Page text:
We asked one of the dancers what it meant.

He replied that "conformidad" meant "agreement",
It can also mean "acceptance" or even "resignation".

Here it would seem to mean the indigenous groups' acceptance of the Spanish Conquest,
while seeking to maintain an indigenous identity.

There are Aztec or Mexica dance groups 

which explicitly reject any accepantance of the Catholic Church
and do not participate in its fiestas.


     
"Aztec Dance of the Great Tenochtitlan"
Note the large figure of Christ

The Aztec god is Tlaloc, God of All Waters.



Ballet Folklorico Hispanico


The Aztec dancers are followed by quite a contrasting form of traditional Mexican dance, one whose roots are in the other side of la Conquista, ballet folklorico, the largely Spanish-inspired, romantic dances whose steps and traditional dress have been modified in each of the country's regions or states to uniquely identify them.

Yucatán flower dance,
likely of indigenous origins

Oaxaca harvest dance.
The southern states and the Yucatán remain more indigenous in their traditions
than more northern states.

From one of the northern, cattle-raising states, such as Chihuahua or Sonora,
a social dance.

The northern regions were originally occupied by nomadic tribes
who, as in the U.S. territories, were mostly exterminated or driven out 
by Spanish and Mexican settlers in the 18th and 19th centuries, 
so their traditions are more Spanish.

Jalisco, a western state,
where Spanish cattle ranches and their cowboys were established
during the Colonial period.





Procession Returns


We had arrived at Santa María a little before noon, with no knowledge of the schedule of events. When we found one posted, it stated that the procession left the church at 10AM and was scheduled to return at 2PM, in time for the special Mass. So as the folkloric dancers finished (actually cut short by a short rain shower), we went out to the street to see if there were any signs of the procession. We did not have to wait long. We could see that there was no traffic on Eje Central and from a block south came the sounds of cohetes, the rocket-style firecrackers that announce processions and each of the events of a fiesta.

In front, cohetero reaches for the next cohete from his assistant.
Behind the smoke of the cohetes,
the anda, platform bearing the Virgin Mary as an adult and as an infant
is born by men of the parish.
Behind the anda are the standards of other parishes joining the fiesta.
Bringing their standards is easier than bringing a statue of a saint on an anda.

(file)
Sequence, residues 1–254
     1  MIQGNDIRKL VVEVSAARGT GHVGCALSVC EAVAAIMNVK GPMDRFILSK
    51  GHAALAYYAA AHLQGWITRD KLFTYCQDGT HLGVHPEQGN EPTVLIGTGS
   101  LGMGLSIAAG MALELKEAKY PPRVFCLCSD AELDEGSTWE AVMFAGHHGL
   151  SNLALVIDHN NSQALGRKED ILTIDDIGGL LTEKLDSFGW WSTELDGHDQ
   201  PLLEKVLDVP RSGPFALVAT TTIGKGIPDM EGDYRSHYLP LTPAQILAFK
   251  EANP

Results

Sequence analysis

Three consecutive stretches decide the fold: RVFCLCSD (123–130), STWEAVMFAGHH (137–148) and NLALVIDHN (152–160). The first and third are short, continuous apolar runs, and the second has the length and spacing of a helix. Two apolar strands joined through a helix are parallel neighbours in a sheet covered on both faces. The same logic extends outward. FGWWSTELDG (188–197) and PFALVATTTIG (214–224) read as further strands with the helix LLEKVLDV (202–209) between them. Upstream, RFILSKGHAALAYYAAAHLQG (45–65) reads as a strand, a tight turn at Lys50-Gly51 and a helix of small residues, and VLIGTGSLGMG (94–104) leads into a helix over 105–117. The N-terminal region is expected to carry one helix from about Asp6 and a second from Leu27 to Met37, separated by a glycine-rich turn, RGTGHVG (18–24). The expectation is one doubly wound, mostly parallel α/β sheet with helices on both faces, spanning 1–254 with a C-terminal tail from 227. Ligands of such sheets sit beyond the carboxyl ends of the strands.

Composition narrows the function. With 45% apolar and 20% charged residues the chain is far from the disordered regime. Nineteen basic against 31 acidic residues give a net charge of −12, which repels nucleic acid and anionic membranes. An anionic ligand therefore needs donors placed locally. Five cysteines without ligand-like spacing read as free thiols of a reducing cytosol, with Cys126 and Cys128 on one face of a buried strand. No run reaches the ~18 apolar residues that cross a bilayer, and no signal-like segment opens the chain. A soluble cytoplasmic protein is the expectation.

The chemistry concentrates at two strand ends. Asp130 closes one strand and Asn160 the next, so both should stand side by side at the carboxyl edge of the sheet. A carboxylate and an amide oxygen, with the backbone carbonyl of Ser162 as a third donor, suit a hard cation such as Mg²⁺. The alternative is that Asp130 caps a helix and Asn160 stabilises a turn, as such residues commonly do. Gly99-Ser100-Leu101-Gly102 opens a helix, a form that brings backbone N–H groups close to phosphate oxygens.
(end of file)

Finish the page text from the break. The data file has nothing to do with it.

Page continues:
Infant Mary is held by the parish priest

A sizeable crowd follows behind, in spite of the brief shower.

The all-essential banda sets the rhythm.
The people on the far side hold chinelo dolls.
A group of chinelo, Moorish-style dancers, which we have seen at many fiestas,
had accompanied the procession, but apparently withdrew when it rained.

Special surprise


Cabalgata

A group of horseback riders, called a cabalgata,
the women in traditional Spanish attire, the men as cowboys, follows at the end.
We have seen these cabalgatas in rural Michoacán parades, but never before in Mexico City.

The women ride sidesaddle.

As we have witnessed with many of the fiesta traditions,
the next generation is prominently included.


To the rear, a green electric trolly bus resumes its route up Eje Central.

Revealed Treasure


So here, on the main avenue leading to the Centro Historico of the City, in the midst of an otherwise mostly modern urban borough, we have encountered another vestige of the Spiritual Conquest of the 16th century, the Church of Santa María Natividad, St. Mary's Birthday.

And in its fiesta we once again experience representations the many facets of the evolution of indigenous "Aztec" culture from its own rituals of drums and dancing, through the introduction of Spanish culture and its transformation into a Mexican one. And as an added gift, it is embellished with a cabalgata, a parade of horses and their riders in traditional Spanish-Mexican attire, another small gem added to our Ambles.

Delegaciones of Mexico City
Delegación Benito Juárez is bright yellow in center

Colonias of Benito Juárez
Church of Santa Maria de la Natividad (green/yellow star),
built in the original pueblo of Tepetlalzingo,
is on the east side of the Eje Central
which is the border between 
Colonias Niños Heroes (light green) and Navarte Oriente (Navarte East, red)